General manager David Forst said no A’s player has opted out of the upcoming 2020 baseball season. He doesn’t, at this stage, expect someone to do so as a handful have across Major League Baseball over off-field concerns about the ongoing coronavirus pandemic.
He also said the A’s are full healthy entering Saturday’s start of a three-week summer training camp.
While MLB announced results of COVID-19 testing on Friday, the A’s initial wave of testing remains incomplete.
Forst hopes that doesn’t lead to counting bodies to see if the A’s have positive COVID-19 tests in their player pool scheduled to train at Oakland Coliseum.
“That’s the tricky part,” Forst said Friday in a conference call. “There has been a lot written about disclosure and the policy that MLB announced a few days ago. The policy aside, I’m very sensitive to people’s individual medical information. This is a difficult thing that we’re doing. It’s a difficult thing we’re asking the players to do. I don’t want to make it any more difficult by making them think that personal things will be exposed. ... We’re all trying to do this together, and it’s incredibly difficult. It’s hard to overstate the amount of work that has gone into this.”
Forst isn’t kidding about that last part. They have built a testing facility in the Oakland Coliseum’s parking lot F. They also have moved the weight room into a large tent in that same lot, which connects to the player’s entrance for Oakland Coliseum and Oakland Arena.
The A’s have set up two locker rooms -- their clubhouse and the former Raiders locker room -- to enhance social distancing. The visiting clubhouse currently is being used as a bigger dining area.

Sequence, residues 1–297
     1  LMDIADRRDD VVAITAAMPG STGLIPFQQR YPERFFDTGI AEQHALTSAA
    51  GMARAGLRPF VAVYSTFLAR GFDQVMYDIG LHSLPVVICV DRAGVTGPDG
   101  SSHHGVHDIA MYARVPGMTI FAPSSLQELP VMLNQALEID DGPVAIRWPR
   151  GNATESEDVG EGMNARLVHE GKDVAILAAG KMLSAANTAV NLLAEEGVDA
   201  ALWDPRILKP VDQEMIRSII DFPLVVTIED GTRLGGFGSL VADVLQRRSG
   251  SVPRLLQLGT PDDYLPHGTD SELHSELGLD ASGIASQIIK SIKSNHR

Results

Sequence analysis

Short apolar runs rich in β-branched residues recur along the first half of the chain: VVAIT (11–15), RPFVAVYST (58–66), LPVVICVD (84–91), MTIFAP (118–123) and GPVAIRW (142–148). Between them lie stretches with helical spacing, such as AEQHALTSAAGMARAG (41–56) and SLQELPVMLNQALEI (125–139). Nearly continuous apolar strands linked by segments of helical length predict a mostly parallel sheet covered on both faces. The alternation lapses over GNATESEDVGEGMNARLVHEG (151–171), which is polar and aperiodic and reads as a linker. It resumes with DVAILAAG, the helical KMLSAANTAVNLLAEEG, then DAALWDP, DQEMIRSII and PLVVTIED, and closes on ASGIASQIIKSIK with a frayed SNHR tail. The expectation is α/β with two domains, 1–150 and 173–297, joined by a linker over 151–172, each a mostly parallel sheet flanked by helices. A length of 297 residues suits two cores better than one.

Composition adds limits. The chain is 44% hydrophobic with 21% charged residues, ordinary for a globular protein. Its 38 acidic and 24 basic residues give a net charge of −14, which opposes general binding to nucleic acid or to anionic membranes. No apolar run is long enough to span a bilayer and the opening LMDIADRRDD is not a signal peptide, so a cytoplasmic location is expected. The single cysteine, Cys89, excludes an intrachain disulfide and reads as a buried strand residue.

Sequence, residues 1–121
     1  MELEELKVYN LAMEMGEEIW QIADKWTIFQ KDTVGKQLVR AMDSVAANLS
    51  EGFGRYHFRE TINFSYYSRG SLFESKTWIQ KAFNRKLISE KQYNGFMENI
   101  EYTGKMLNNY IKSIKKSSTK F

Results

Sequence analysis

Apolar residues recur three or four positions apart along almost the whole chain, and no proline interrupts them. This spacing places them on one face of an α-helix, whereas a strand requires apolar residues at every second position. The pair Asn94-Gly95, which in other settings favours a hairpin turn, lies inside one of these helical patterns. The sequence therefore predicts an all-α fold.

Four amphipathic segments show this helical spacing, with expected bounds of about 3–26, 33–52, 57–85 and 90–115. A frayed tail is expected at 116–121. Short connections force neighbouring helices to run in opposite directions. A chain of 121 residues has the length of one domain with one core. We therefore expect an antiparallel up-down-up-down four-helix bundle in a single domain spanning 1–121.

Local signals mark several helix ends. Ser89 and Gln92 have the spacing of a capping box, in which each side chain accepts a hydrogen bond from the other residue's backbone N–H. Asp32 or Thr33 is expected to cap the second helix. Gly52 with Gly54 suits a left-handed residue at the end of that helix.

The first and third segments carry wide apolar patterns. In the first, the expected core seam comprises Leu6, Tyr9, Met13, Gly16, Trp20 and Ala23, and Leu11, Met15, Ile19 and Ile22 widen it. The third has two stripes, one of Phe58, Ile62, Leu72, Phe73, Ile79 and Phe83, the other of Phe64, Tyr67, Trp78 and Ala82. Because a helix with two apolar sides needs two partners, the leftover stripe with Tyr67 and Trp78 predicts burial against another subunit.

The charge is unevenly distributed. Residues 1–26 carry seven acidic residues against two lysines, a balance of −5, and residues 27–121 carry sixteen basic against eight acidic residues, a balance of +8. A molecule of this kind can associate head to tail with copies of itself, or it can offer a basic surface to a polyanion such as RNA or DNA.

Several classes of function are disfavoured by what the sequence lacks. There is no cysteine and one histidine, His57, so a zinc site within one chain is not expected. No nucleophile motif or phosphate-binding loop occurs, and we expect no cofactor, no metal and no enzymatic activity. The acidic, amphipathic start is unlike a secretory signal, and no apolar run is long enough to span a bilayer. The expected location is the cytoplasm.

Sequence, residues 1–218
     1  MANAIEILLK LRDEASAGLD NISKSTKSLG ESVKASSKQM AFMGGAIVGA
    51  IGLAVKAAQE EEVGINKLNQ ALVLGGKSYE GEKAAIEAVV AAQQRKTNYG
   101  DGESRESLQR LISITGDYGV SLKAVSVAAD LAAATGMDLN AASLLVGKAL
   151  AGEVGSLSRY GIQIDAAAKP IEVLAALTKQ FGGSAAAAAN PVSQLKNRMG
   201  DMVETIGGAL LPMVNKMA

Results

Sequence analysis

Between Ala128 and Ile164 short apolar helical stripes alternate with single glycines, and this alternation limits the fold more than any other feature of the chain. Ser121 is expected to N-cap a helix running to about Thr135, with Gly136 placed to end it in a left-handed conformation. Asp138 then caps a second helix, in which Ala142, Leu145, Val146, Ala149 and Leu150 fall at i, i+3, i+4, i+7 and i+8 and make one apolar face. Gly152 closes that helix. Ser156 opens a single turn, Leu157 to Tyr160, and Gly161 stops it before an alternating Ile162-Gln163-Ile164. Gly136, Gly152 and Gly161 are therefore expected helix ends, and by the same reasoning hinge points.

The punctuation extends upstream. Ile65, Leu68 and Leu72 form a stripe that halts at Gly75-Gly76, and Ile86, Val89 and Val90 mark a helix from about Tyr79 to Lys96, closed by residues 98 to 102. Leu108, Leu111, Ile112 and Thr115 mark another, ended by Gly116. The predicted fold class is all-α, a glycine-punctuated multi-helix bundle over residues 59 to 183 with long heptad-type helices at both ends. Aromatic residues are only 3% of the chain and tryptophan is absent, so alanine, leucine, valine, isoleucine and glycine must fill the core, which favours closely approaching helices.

The team will conduct staggered workouts, with no player around in their locker room more than 45 minutes before their scheduled stretch time.
It’s going to be a regimented experience that gets going with pitchers and catchers reporting on Saturday with the full squad after that. Things will be different, including routines players thrive upon, as teams try to prepare for the season and keep people healthy.
“It is worth trying,” Forst said. “I’m looking forward to getting feedback from the players as they get in the clubhouse tomorrow and we’re going to do everything we can to make them comfortable. This won’t work if they aren’t comfortable and don’t feel like they can do their job.”
Those establishing and enforcing protocols must do their job. The players must adhere to new rules to make all this work. Forst believes they will, especially after a conversation with shortstop Marcus Semien.
“I was very impressed with his desire to impart the seriousness on his teammates and have conversations before we arrive and after we arrive with everybody to make sure everyone knows what’s at stake,” Forst said. “What he said that I appreciated the most was that he understands that it’s not just the players being exposed, it’s the staff and coaches, the manger, the trainers and the clubhouse staff. Everybody is in this together. That was something that Marcus relayed to me unsolicited and I really appreciated that, and I trust that he’ll lead those conversations with teammates and that we’ll have other guys step up and do the same thing.”